When Ontario Liberal Party lost the provincial election on June 7, 2018 their ranks were also decimated. Their number of elected members of Provincial Parliament (MPP) went from 55 to 7. In the 41st Ontario Parliament, there were only 107 seats. On June 7, 2018 that number was increased to 124 to realign all Ontario provincial ridings and make them identical to those of the Federal Parliament.
After the election, the Liberals are no longer recognized as an official party. They fell one seat short of the minimum requirement at that time. With the lost of Official Party status, parliamentary privileges are taken away. These privileges include but are not limited to funding for party research offices and the right to ask questions during the “Question Period”.
The rules on official party status are not laws, but are internal rules governing the legislature. Therefore, the members of a legislature may, if they choose, pass a motion to dispense with the rules and grant official status to parties that would otherwise fail to qualify.
An example of this can be found in 1999 when the New Democratic Party (NDP) were reduced to nine seats in the legislature. The requirement at that time was a minimum of 12 seats. The then Progressive Conservative (PC) Premier Mike Harris citing the reduction of seats from 130 to 103, lowered the required number of seats to 9 and granted the NDP Official Party status.
Fast forward to the election in 2003, the NDP won only 7 seats. The Liberal Party Premier Dalton McGuinty refused to accord official party status to the NDP. Instead, he offered them some additional funding. The NDP was not recognized as a “party” and its members were not addressed in the Legislation by party affiliation. Eventually, Andrea Horwath was elected in a by-election in May 2004 and the NDP regained Official Party status.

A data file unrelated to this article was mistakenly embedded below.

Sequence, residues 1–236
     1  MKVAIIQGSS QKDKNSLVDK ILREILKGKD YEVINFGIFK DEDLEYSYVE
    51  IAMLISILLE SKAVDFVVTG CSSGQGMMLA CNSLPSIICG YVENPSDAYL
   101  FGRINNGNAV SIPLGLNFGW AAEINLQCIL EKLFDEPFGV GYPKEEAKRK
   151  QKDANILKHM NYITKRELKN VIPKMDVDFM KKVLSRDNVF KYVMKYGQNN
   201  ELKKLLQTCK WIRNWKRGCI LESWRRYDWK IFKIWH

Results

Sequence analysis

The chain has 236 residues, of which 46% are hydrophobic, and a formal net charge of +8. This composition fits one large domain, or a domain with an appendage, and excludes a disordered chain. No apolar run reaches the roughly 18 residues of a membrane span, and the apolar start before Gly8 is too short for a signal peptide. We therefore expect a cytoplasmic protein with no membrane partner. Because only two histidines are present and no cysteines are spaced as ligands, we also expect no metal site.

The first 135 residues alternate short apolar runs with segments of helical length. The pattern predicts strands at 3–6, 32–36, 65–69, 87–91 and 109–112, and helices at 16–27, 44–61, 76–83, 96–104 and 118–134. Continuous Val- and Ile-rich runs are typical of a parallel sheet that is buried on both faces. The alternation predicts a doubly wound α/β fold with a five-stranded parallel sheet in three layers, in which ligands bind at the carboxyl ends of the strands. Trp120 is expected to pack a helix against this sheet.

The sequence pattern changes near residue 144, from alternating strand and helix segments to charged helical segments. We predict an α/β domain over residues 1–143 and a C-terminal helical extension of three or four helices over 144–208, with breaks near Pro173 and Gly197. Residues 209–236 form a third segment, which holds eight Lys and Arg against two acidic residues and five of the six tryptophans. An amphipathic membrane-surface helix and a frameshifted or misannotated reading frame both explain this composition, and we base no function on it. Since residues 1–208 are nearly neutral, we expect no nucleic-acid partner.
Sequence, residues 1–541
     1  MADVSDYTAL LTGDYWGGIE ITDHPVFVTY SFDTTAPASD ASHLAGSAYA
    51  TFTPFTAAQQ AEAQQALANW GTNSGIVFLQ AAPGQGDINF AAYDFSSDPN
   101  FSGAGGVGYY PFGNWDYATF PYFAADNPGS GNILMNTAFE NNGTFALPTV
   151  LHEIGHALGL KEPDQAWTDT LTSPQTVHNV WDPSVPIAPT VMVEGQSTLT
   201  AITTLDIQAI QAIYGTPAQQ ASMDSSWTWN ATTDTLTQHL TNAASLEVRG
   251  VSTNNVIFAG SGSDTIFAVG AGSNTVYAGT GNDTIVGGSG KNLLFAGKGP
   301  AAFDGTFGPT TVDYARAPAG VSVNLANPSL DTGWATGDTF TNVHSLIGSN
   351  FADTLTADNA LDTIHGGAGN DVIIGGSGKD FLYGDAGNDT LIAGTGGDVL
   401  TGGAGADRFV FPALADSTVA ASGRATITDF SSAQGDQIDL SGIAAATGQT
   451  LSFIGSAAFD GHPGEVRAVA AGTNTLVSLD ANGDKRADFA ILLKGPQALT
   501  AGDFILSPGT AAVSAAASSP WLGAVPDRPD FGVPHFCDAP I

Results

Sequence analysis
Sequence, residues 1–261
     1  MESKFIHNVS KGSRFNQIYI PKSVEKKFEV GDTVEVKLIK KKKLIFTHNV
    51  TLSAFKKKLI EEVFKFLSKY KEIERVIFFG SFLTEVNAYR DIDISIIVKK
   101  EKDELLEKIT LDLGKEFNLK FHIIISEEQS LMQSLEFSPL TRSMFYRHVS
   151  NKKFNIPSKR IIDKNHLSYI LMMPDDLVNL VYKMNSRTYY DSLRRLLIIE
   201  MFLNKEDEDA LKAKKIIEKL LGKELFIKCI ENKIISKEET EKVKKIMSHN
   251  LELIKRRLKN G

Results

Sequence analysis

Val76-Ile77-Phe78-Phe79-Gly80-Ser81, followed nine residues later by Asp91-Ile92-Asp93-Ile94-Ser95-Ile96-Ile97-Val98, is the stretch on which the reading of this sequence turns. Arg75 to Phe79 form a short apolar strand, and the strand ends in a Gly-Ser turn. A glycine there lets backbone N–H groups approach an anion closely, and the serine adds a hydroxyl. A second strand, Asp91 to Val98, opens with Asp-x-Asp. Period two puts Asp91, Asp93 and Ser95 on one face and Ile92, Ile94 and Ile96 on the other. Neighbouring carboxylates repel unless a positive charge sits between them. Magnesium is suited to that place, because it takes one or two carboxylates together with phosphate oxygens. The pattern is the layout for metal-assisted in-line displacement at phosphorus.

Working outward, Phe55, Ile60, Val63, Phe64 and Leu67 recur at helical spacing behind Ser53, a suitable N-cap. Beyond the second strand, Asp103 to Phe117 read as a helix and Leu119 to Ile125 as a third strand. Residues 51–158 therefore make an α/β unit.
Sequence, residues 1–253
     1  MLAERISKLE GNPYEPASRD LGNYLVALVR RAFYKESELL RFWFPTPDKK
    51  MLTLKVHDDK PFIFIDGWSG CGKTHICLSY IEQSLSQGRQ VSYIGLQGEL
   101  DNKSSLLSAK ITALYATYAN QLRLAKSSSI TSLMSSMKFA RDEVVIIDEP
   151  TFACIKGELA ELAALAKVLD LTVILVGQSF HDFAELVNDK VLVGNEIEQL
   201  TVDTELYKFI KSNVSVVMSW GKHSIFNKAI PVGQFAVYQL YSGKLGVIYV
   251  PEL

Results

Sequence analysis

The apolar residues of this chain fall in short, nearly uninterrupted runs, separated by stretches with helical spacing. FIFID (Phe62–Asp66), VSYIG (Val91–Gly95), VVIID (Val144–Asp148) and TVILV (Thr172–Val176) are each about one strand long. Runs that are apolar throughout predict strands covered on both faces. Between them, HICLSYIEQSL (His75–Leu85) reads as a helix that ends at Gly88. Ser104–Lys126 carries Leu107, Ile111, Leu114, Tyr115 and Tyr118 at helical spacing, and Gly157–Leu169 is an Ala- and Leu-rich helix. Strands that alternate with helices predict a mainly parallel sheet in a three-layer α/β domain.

After another NDP member resigned to run in the 2006 federal election, bringing the party to only seven members again, the government decided to allow the NDP to retain official status pending the results of the by-election to replace her, which the NDP won.
The current Ontario PC government is about to raise the requirement for Official Party status from 8 to 12. Their rationale is very simple – the magic number is always 10% of the total number of MPP's. With the 124 seats now (increased from 107), the number will have to be adjusted. Surprisingly, the NDP seemed to have forgotten how they were “punished” by the Liberals in 2003 and they reacted to the PC proposal without much enthusiasm.
Former Liberal Party Premier Kathleen Wynne has asked Premier Doug Ford to change the rules so the defeated Liberals can obtain official party status in the Legislature. As a party leader who was trashed in the last election, Wynne resigned on election night. She should also be resigning her own seat. Given the fact that she only won her seat by 171 votes and the Liberals were only one seat away from the Official Party status minimum, Kathleen had not choice but to stay on.
So how can the Liberal Party pick up some seats quickly with no by-elections in sight? It has to entice existing members in the legislature from the other parties to cross the floor! There are a number of obstacles to getting this done. When party affiliations are changed during the seating of legislature, the member will typically lose the seat in the next general election. Established MPP's will not risk their reputations and relationships with constituents to cross the floor as well.
While the left leaning media suggest that the PC party tries to change the minimum number to prevent their own disgruntled back benchers from defecting, they purposely ignore the potentials for NDP members to cross the floor. With similar ideologies, it is far easier for the NDP members to join the ranks of the Liberals and justify their moves. It would also be easier for them to get elected next time.
The change to the minimum required number of members for Official Party Status will come soon. When that happens, Kathleen Wynne will resign her seat shortly after as the goal to achieve Official Party status will no longer be attainable and her seating in the Ontario Parliament has no meaning any more.
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